A CAGE fighter whose brutal assault led to a man spending six days in an induced coma has walked free from court after a judge agreed he had been subjected to “extreme provocation”.

David Wilson, who also works as a part-time gardener, had been attacked by the victim, a former friend, after he intervened in a confrontation the man was having with his wife after a party held on the Brough estate, in Colburn, near Catterick.

Wilson walked him home, but the pair brawled violently in a series of fights, some of which were witnessed by parents and their children.

The 27-year-old was hit and knocked off guard by the victim, who was said to be very drunk, and later told police he “lost it”. He then launched an attack of his own, punching and kicking the complainant who suffered a broken nose and swelling to the brain.

Richard Bennett, prosecuting at Teesside Crown Court, said the brain injury was “potentially catastrophic” and required surgery to relieve the pressure on the organ.

The victim, who himself had experience as a cage fighter, had now recovered, although it remained to be seen whether his cognitive ability had been impaired.

Wilson, a father of two, of Walnut Avenue, Colburn, admitted causing grievous bodily harm on July 31 last year.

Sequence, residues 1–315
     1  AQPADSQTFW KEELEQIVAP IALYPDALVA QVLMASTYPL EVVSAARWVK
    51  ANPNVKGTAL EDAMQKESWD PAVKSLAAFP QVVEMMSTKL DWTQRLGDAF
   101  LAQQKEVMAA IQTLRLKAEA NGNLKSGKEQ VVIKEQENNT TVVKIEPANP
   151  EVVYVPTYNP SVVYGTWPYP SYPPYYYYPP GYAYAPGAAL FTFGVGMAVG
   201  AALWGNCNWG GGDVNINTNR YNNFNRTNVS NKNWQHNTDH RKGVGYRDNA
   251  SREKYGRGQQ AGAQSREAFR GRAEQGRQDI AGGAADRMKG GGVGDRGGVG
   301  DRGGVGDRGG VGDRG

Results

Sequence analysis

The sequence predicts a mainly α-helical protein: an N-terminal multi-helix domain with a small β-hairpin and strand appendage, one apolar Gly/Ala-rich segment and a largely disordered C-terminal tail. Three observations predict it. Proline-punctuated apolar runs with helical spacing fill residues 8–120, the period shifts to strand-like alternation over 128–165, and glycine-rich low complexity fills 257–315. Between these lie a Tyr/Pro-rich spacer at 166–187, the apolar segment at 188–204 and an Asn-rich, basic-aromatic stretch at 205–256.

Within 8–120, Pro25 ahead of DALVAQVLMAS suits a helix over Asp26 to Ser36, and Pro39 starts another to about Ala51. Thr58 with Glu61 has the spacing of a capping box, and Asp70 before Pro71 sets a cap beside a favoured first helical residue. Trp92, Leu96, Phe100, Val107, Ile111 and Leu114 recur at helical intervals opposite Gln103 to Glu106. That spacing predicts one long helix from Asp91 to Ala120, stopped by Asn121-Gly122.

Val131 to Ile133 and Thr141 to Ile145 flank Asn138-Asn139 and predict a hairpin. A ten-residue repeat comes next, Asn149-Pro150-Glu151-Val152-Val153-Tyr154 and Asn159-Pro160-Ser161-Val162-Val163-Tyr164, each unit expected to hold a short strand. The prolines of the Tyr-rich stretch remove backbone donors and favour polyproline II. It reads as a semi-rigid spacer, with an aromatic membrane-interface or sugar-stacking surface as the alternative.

His barrister Adrian Dent said he had been subjected to a good deal of provocation and urged Recorder Mark McKone to take an exceptional course in suspending any jail sentence.

He said: “He fought him in order to stop being assaulted himself and to prevent the complainant from getting into any further trouble.

“He is not the brightest of people. Concepts of reasonable self defence and going too far are difficult for him to understand.”

Recorder McKone said it had been a savage attack, but the victim had also acted in a quite disgraceful way.

He believed Wilson would not commit any further offences in the future and to immediately jail him would have a disproportionate effect on his family.

He suspended a two year jail sentence on him for two years, gave him 200 hours unpaid work, and ordered he attend an anger management course.